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SAT0186 Effects of denosumab, a subcutaneous rankl inhibitor, on the progression of structural damage in japanese patients with rheumatoid arthritis treated with csdmards: results from the 12-month double blind phase 3, desirable study
  1. T Takeuchi1,
  2. Y Tanaka2,
  3. S Soen3,
  4. H Yamanaka4,
  5. T Yoneda5,
  6. S Tanaka6,
  7. T Nitta7,
  8. N Okubo7,
  9. HK Genant8,
  10. D van der Heijde9
  1. 1Keio University School of Medicine, Tokyo
  2. 2University of Occupational and Environmental Health, Kitakyushu
  3. 3Kindai University Nara Hospital, Ikoma
  4. 4Institute of Rheumatology Tokyo Women's Medical University, Tokyo, Japan
  5. 5Indiana University School of Medicine, Indianapolis, United States
  6. 6The University of Tokyo
  7. 7Daiichi Sankyo Co. Ltd, Tokyo, Japan
  8. 8University of California, San Francisco, United States
  9. 9Leiden University Medical Center, Leiden, Netherlands

Abstract

Background Denosumab is a fully human monoclonal antibody (IgG2 subclass) that inhibits bone resorption by inhibiting RANKL, a key mediator of osteoclast formation, function, and survival.

Objectives To evaluate the effect of denosumab 60 mg every 6 months (Q6M) or every 3 months (Q3M) on the progression of joint damage in Japanese patients with RA on csDMARD background treatment.

Methods DESIRABLE is a 12-month randomized, double-blind, placebo-controlled, parallel-group study in patients with RA receiving csDMARD treatment. Subjects fulfilling the 1987 ACR criteria or 2010 ACR-EULAR criteria were randomized (1:1:1) to denosumab 60 mg Q6M, denosumab 60 mg Q3M, or placebo. The primary endpoint is the change from baseline to 12 months in the van der Heijde modified total Sharp score (mTSS). Radiographs of hands and feet at baseline, 6 months and 12 months were scored with blinded time order by 2 readers independently. Average score of the 2 readers is used for the analysis. Comparisons of each denosumab group with placebo for the change from baseline were performed using van Elteren stratified rank test adjusting for baseline glucocorticoid use. Missing scores were imputed using linear extrapolation/interpolation.

Results Among 679 patients randomized, 667 (placebo, n=223; Q6M, n=222; Q3M, n=222) received at least one dose of study drug, and 60 (placebo n=15; Q6M, n=23; Q3M, n=22) were discontinued during the study. Demographic and baseline characteristics were similar across the groups (Table 1). Mean change from baseline in mTSS and erosion score (ES) at 12 months was significantly lower with both denosumab 60 mg Q6M and Q3M compared with placebo, with no obvious evidence of an effect on joint space narrowing (JSN) score for denosumab. (Table 2).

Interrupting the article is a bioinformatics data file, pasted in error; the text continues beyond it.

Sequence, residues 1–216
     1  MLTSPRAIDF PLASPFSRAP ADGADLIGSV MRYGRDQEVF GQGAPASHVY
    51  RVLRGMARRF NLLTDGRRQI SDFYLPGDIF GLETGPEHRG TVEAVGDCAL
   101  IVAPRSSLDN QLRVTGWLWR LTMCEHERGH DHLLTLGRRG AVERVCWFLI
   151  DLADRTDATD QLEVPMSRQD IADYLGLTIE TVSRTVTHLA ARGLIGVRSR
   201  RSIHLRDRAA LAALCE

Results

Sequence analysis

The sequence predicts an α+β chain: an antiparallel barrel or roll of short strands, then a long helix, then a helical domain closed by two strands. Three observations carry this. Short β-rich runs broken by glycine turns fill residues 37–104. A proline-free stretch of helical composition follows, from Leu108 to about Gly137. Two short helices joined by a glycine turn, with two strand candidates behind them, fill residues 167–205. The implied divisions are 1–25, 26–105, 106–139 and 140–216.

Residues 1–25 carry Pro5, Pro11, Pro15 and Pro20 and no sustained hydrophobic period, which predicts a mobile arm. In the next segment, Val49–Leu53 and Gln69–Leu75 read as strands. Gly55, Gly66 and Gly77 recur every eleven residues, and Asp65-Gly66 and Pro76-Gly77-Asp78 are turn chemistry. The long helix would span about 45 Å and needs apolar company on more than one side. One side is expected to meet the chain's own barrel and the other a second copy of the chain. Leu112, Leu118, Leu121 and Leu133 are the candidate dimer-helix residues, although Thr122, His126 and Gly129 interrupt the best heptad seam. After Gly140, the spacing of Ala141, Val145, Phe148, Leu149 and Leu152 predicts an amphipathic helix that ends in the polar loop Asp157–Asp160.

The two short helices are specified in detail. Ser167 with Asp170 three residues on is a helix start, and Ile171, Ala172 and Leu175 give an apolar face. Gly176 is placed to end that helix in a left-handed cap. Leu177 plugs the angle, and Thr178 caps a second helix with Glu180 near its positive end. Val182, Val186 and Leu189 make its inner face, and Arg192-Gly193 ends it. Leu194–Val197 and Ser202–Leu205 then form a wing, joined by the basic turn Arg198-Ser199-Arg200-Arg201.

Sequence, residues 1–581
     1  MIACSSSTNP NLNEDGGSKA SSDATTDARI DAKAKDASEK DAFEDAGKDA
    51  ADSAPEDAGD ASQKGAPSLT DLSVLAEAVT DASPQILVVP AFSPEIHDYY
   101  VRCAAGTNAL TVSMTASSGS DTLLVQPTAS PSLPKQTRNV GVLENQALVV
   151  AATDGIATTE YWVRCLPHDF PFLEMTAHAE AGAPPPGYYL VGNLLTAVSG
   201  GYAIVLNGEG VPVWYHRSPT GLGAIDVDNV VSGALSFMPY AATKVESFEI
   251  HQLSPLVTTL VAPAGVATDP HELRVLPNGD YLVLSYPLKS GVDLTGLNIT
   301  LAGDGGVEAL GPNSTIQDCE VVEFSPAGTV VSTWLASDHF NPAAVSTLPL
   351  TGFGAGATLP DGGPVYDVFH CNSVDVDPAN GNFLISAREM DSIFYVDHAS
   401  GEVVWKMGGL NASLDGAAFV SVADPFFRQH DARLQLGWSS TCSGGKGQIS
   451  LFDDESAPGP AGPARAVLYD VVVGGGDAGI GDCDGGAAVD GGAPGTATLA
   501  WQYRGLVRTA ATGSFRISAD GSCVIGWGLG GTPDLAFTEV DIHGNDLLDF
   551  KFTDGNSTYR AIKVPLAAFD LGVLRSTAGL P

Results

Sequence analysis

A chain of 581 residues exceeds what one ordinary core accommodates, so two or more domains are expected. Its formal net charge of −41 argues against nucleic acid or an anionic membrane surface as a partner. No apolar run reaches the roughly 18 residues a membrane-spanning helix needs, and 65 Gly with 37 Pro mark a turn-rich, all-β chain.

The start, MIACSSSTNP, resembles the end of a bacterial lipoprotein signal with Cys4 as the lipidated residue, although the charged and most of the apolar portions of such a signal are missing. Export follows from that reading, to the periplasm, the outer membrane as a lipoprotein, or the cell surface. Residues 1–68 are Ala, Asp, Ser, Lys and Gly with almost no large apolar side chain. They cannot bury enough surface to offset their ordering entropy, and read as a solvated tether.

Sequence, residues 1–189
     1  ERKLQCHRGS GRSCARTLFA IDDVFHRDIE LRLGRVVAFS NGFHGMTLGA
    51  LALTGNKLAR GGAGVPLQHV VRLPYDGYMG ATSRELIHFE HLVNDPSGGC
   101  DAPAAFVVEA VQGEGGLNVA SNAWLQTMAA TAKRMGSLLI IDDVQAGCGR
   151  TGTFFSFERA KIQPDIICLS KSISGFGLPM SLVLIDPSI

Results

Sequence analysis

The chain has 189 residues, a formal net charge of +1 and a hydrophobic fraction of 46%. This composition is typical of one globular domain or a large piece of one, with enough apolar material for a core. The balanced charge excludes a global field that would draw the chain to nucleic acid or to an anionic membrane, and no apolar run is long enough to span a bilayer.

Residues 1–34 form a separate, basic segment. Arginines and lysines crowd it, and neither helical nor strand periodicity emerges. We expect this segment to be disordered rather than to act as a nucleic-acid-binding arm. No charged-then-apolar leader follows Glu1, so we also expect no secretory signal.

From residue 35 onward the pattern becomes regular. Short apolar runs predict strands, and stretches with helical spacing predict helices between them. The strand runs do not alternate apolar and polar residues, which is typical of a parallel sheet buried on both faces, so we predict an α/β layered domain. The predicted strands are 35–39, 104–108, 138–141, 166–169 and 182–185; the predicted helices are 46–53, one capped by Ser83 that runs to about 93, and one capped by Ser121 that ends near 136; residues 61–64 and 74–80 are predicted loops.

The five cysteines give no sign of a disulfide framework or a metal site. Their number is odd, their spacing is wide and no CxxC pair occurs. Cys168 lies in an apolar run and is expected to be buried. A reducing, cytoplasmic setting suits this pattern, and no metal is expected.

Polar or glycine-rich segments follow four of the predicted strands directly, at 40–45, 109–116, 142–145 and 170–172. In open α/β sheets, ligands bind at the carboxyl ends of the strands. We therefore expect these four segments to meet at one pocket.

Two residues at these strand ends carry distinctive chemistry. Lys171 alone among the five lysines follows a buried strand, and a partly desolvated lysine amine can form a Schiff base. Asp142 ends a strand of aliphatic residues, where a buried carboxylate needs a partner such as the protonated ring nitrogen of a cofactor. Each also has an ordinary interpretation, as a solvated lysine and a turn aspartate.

Consistently, the percent of nonprogressors (ie, mTSS change ≤0.5) at 12 months was significantly greater with denosumab 60 mg Q6M (75.6%, p=0.010) and Q3M (78.1%, p=0.001) compared with placebo (64.2%).

Incidence of adverse events (AEs), serious AEs, and AEs leading to discontinuation of study drug were similar across treatment groups. No events of osteonecrosis of the jaw or atypical femoral fracture were observed.

Conclusions Denosumab inhibited the progression of joint destruction significantly more than placebo and was generally well tolerated in Japanese patients with RA on csDMARDs. Denosumab has potential to be a new therapeutic option to inhibit structural progression for patients with RA.

Disclosure of Interest T. Takeuchi Grant/research support from: Astellas, Bristol-Myers Squibb, Chugai, Daiichi Sankyo, Eisai, AYUMI Pharmaceutical, Takeda, Teijin Pharma, AbbVie, Asahi Kasei Pharma, and Taisho Toyama, Consultant for: AstraZeneca, Eli Lilly, Novartis, Mitsubishi Tanabe, Asahi Kasei Pharma, AbbVie, Daiichi Sankyo, Bristol-Myers Squibb, Nipponkayaku, Janssen, Merck Serono, Takeda, Astellas, and Pfizer, Speakers bureau: AbbVie, Bristol-Myers Squibb, Chugai, Eisai, Janssen, Mitsubishi Tanabe, Pfizer, Takeda, Astellas, Daiichi Sankyo, Celtrion, and Nipponkayaku, Y. Tanaka Grant/research support from: BMS, MSD, Chugai, Mitsubishi Tanabe, Astellas, AbbVie, and Daiichi Sankyo, Speakers bureau: UCB Pharma, Mitsubishi Tanabe, Abbott, AbbVie, Eisai, Chugai, Janssen, Pfizer, Takeda, Astellas, Daiichi Sankyo, GSK, AstraZeneca, Eli Lilly, Quintiles, MSD, and Asahi Kasei Pharma, S. Soen Grant/research support from: Eisai, Daiichi Sankyo, and Takeda, Speakers bureau: Asahi Kasei Pharma, Astellas, Eisai, MSD, Ono Pharmaceutical, Daiichi Sankyo, Takeda, Chugai, Teijin Pharma, and Pfizer, H. Yamanaka Grant/research support from: UCB Pharma, AbbVie, Astellas, Bristol-Myers Squibb, Chugai, Eisai, Janssen, Mitsubishi Tanabe, Pfizer, and Takeda, Consultant for: UCB Pharma, AbbVie, Astellas, Bristol-Myers Squibb, Chugai, Eisai, Janssen, Mitsubishi Tanabe, Pfizer, and Takeda, T. Yoneda Consultant for: Daiichi Sankyo, S. Tanaka Consultant for: Amgen inc, Amgen Astellas, KYOCERA Medical, Daiichi Sankyo, Teijin Pharma, Asahi Kasei Pharma, Ono Pharmaceutical, Eli Lilly, and Pfizer, T. Nitta Employee of: Daiichi Sankyo, N. Okubo Shareholder of: Daiichi Sankyo, Employee of: Daiichi Sankyo, H. K. Genant Consultant for: Daiichi Sankyo, Pfizer, Amgen, BioClinica, Eli-Lilly, Janssen, Servier, Novartis, Takeda, Merck, Biomarin, Clemencia, Agnovos, and Regeneron, D. van der Heijde Consultant for: AbbVie, Amgen, Astellas, AstraZeneca, BMS, Boehringer Ingelheim, Celgene, Daiichi Sankyo, Eli-Lilly, Galapagos, Gilead, Janssen, Merck, Novartis, Pfizer, Regeneron, Roche, Sanofi, and UCB Pharma, Employee of: Imaging Rheumatology bv

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